The allegations raise serious press freedom concerns and alarm about the ability of Pacific journalists to do their jobs, particularly as the relationship between the region and China becomes closer.

Wang is midway through a marathon trip visiting eight countries in 10 days. He has held bilateral meetings in Solomon Islands, Kiribati, Samoa and Fiji to date, with trips to Tonga, Vanuatu, Papua New Guinea and Timor-Leste to come.

Full story here:

We’re still standing by for the announcement of prime minister Anthony Albanese’s ministry.

Final seat decided

Guardian Australia electoral analyst Ben Raue is also projecting Gilmore for Labor. We now have all seats decided in the 2022 federal election.

The final totals: Labor 77, Coalition 58, Greens/Independents 16.


We reported earlier that Labor had claimed Gilmore, and now the ABC has also given that seat to Labor. It is the final seat in the parliament.

77 🗳️@abcnews projects Labor's Fiona Phillips will retain Gilmore 🎣

That's every House of Representatives seat now settled 🏠

— Jamie Travers (@JamieTravers) May 31, 2022

Albanese was pretty proud of the diversity in the caucus earlier today. Let’s see how diverse the ministry is when it’s announced in the next few minutes.

Proud to lead an inclusive government that is as diverse as Australia itself. Welcome to all these new Labor members.

— Anthony Albanese (@AlboMP) May 31, 2022

We’re expecting prime minister Anthony Albanese to unveil his ministry about 5.40pm.

Morrison may leave parliament early like Rudd, Gillard: Dutton

We mentioned earlier today that opposition leader Peter Dutton had flagged that former prime minister Scott Morrison may not see out the full term as the member for Cook.

AAP has filed a little more on an interview Dutton gave later where he fleshed out those comments:

Former prime minister Scott Morrison won’t be on Peter Dutton’s list when the new opposition leader finalises his shadow ministry.

Dutton is putting the finishing touches to his coalition frontbench in the wake of taking over the Liberal leadership unopposed. The former defence minister said Morrison, whose government was defeated at the 21 May election, had not sought a shadow ministry role.

Dutton also hinted his predecessor could leave parliament during the term, triggering a byelection in the NSW seat of Cook.

“The reality is, as we saw with Kevin Rudd, Julia Gillard and others right since federation, that you would expect to see a byelection at some stage,” Dutton told Sky News.

“But that’s an issue for Scott to work on and I’ll have those conversations with him at the appropriate time.”

Peter Dutton
Peter Dutton arriving for a press conference on Monday 30 May. Photograph: Mike Bowers/The Guardian

Dutton said the party honoured Morrison’s service.

A large chunk of the Liberal seats lost came at the hands of inner-city independents, while the party also lost ground to the Greens in Brisbane.

Dutton said the party did not need to swing too far towards progressive politics to win back those constituencies at the next election.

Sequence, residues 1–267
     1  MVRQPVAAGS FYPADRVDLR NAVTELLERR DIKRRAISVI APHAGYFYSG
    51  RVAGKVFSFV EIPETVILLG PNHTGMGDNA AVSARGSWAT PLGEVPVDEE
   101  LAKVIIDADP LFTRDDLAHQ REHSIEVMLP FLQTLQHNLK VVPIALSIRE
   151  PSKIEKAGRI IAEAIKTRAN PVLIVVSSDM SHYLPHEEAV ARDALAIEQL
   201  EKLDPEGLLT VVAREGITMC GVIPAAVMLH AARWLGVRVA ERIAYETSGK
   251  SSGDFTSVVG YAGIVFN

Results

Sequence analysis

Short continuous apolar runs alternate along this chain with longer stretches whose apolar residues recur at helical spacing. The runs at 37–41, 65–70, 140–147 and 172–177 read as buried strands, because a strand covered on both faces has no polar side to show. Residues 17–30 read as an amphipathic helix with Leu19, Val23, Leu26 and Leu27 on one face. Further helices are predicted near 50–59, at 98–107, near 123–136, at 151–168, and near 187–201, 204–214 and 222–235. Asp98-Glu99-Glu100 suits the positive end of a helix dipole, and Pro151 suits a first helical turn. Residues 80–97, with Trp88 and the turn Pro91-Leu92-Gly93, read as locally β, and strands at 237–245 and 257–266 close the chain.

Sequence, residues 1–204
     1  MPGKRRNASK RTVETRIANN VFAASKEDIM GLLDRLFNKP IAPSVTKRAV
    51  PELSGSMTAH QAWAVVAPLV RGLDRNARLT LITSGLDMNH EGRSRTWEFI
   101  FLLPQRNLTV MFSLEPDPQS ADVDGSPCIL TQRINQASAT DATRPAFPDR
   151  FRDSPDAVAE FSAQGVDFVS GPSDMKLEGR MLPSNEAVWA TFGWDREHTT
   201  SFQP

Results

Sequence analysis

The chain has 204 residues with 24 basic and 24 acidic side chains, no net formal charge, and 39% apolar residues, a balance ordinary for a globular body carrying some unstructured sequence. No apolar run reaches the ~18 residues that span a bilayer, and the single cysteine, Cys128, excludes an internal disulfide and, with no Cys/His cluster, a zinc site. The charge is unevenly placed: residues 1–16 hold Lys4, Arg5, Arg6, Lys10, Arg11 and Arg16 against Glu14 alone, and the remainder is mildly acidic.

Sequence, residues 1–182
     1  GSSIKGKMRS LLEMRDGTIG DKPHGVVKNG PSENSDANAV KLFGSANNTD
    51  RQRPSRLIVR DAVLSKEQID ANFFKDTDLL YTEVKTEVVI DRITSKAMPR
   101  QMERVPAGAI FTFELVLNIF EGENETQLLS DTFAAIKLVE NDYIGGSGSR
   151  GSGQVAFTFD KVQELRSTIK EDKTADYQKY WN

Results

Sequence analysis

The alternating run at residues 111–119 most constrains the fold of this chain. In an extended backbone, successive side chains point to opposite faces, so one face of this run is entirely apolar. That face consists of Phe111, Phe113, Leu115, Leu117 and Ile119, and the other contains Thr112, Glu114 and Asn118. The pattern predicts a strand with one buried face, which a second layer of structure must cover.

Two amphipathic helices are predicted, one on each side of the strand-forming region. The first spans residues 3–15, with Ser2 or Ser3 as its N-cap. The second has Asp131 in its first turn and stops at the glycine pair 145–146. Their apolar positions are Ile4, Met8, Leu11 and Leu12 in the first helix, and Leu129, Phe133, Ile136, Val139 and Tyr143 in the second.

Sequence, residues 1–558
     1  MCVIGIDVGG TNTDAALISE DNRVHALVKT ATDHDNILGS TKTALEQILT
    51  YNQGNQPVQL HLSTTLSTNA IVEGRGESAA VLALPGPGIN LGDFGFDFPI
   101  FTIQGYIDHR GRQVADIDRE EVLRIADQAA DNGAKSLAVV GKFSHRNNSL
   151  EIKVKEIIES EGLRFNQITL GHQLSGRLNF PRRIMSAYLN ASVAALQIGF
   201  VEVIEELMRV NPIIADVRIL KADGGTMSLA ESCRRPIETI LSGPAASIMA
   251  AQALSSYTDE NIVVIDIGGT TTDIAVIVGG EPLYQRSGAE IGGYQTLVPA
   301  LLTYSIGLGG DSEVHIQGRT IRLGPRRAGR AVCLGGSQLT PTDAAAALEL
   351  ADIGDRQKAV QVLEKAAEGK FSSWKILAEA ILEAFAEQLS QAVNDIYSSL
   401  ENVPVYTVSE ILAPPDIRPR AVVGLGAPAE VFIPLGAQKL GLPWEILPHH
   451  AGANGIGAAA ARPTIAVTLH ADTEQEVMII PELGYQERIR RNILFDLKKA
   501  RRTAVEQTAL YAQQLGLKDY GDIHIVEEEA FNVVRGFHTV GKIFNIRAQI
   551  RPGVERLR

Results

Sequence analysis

“The Liberal party is not the conservative party, it’s not the moderate party, it’s not the conservative moderate party – it’s the Liberal party,” he told the ABC.

“We’re a party that will stand up for our country on many issues, including national security, including the economy, including sensible climate change policy.”

Analysis shows that while 200,000 Australians shifted towards “teal” candidates, 700,000 abandoned the Liberals in favour of minor right-wing parties, Dutton said.

“Frankly, there was a ‘pox on both your houses’ in this election,” he said.

“When you look at many of the seats where Labor’s primary vote went backwards, they lost a seat to the Greens here in Queensland.

“So plenty of lessons to learn. We’ve got to have significant policies and we’ll have that in the run-up to the election in 2025.”


Choice: ‘the law is insufficient for these types of major data breaches’

Further to our post from earlier about NDIS user data being compromised, Choice’s consumer data advocate Kate Bower, told Guardian Australia that the company involved, CTARS, had done everything required under the law, but it was too little too late for people whose data may have been compromised. She said:

I think what this highlights is how the law is insufficient for these types of major data breaches. Particularly where it’s such a large amount of data, but also the type of data that has been breached is at high risk of identity theft and cyber crime.

Bower said the law should be updated, potentially through the review of the Privacy Act, to force businesses to pay compensation to people affected by data breaches.

I think if we were able to see ... either through law reform or through the Privacy Act review, [a system] that ensured that consumers have some kind of ... compensation available to them from these data breaches, that would be a very big incentive for companies to do the absolute most to ensure that this doesn’t happen in the first place, but also so they act swiftly and in consumers’ best interests.


The Liberals will retain Deakin, according to ABC projections. The incumbent Michael Sukkar had been battling to hold out Labor candidate Matt Gregg.

The ABC projects the Liberals win Deakin

— casey briggs (@CaseyBriggs) May 31, 2022

NDIS user data compromised, posted on deep web

National Disability Insurance Scheme (NDIS) user data including sensitive medical information has been compromised in a hack of a client management system used by providers, with some personal data found posted to the deep web.

CTARS, which provides a cloud-based client management system for NDIS providers, announced on its website that it had become aware on 15 May that an “unauthorised third party” had gained access to its systems, and the third party had claimed it had taken “a large volume” of data.